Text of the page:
sight

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References in classic literature ?
Presently a strange sight burst upon his astonished vision.
Those whom he pursued were moving rapidly through the jungle which was now becoming more and more open, but the Chinaman was no mean runner, and it was not long before he drew within sight of the object of his pursuit.
Of course, it was nothing at all to me; yet, for some unaccountable reason, the sight of the two of them sitting there so close to one another and seeming to be enjoying each other's society to such a degree irritated me tremendously, and put me in such a bad humor that I took no pleasure whatsoever in the last few hours of the crossing.
At sight of me, he halted for an instant, then turned and dove into the forest, and, though I called reassuringly to him in English he did not return nor did I again see him.
The one is not explained by reference to the other; sight is not sight of blindness, nor is any other preposition used to indicate the relation.
For it is not necessary that a subject receptive of the qualities should always have either the one or the other; that which has not yet advanced to the state when sight is natural is not said either to be blind or to see.
May not the relation of sight to this deity be described as follows?
Yet for the sake of the young and inexperienced, who may perchance infer -- from the two simple instances I have given above, of the manner in which I should recognize my Father and my Sons -- that Recognition by sight is an easy affair, it may be needful to point out that in actual life most of the problems of Sight Recognition are far more subtle and complex.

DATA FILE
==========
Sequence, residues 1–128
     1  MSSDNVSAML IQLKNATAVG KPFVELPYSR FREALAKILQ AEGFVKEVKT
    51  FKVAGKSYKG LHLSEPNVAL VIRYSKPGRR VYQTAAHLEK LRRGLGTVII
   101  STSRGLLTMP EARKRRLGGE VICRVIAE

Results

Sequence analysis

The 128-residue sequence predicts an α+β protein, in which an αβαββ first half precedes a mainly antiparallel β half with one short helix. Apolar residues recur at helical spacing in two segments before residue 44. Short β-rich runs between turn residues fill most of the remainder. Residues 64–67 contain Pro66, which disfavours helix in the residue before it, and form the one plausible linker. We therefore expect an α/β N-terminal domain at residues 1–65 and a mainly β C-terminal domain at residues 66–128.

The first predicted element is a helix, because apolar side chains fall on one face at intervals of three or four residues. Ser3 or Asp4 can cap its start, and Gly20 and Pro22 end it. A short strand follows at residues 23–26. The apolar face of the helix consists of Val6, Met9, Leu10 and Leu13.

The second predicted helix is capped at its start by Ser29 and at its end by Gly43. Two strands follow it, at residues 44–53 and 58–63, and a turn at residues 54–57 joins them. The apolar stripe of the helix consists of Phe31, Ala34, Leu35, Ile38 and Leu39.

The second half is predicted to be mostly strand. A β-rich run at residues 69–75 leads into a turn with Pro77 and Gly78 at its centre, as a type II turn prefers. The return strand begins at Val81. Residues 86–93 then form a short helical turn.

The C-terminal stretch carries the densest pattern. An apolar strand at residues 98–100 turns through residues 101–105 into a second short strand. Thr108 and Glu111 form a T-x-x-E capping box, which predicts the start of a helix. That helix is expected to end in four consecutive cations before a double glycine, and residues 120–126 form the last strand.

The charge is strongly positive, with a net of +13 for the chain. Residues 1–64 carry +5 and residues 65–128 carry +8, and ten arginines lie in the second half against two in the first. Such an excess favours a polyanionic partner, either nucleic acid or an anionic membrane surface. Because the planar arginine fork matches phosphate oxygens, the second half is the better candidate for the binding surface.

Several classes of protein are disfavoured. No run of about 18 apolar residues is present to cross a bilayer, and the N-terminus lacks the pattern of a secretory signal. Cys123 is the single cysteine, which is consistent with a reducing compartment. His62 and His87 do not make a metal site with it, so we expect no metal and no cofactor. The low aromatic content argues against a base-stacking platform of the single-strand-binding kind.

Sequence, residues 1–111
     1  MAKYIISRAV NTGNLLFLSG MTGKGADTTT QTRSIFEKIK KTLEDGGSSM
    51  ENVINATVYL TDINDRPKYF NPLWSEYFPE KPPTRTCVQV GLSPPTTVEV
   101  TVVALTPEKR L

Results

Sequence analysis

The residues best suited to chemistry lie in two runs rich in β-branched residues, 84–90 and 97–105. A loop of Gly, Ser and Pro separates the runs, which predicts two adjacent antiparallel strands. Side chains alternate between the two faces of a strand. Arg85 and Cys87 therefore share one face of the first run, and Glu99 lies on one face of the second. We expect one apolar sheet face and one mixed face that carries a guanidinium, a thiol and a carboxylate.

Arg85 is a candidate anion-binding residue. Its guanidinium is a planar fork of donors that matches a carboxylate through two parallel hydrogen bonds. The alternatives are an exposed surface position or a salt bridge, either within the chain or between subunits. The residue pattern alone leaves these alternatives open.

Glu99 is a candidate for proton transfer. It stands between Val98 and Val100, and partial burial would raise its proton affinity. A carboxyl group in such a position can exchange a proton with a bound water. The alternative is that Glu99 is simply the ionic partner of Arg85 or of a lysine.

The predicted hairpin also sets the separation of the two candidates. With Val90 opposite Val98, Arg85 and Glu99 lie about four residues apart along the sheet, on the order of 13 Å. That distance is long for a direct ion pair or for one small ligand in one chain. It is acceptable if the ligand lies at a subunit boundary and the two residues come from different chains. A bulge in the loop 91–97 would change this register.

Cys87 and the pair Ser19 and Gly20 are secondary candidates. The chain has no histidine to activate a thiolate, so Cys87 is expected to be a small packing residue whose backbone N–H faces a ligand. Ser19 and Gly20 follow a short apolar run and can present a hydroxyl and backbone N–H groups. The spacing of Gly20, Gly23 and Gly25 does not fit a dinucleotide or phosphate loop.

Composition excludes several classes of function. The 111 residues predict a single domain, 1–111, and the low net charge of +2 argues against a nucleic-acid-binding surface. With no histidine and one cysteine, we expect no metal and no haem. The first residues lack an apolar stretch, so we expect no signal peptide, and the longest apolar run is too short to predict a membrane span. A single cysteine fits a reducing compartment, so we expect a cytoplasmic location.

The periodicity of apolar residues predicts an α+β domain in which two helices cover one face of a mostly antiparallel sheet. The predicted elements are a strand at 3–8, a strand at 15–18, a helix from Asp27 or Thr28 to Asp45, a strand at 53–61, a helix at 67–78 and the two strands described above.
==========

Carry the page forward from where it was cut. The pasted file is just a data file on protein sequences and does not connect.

A Departure, the last professional sight of land, is always good, or at least good enough.
As Sola and I entered the plaza a sight met my eyes which filled my whole being with a great surge of mingled hope, fear, exultation, and depression, and yet most dominant was a subtle sense of relief and happiness; for just as we neared the throng of Martians I caught a glimpse of the prisoner from the battle craft who was being roughly dragged into a nearby building by a couple of green Martian females.
As I backed along the ledge I soon was past the mouth of the cave, where I no longer could see those fearful flaming eyes, but an instant later I caught sight of the fiendish face of a Sagoth as it warily advanced beyond the cliff's turn on the far side of the cave's mouth.
Just beyond the ridge he came within sight of the fleeing black, making with headlong leaps for a long war-canoe that was drawn well up upon the beach above the high tide surf.
The sprawling Martians were no longer to be seen, the mound of blue-green powder had risen to cover them from sight, and a fighting-machine, with its legs contracted, crumpled, and abbreviated, stood across the corner of the pit.
Then he would enjoy their consternation at sight of a naked white boy trapped in the war togs of a black warrior and roaming the jungle with only a great ape as his companion.
By comparison with such superstitions as these, even the Second Sight has something--in the shape of poetry--to recommend it, surely?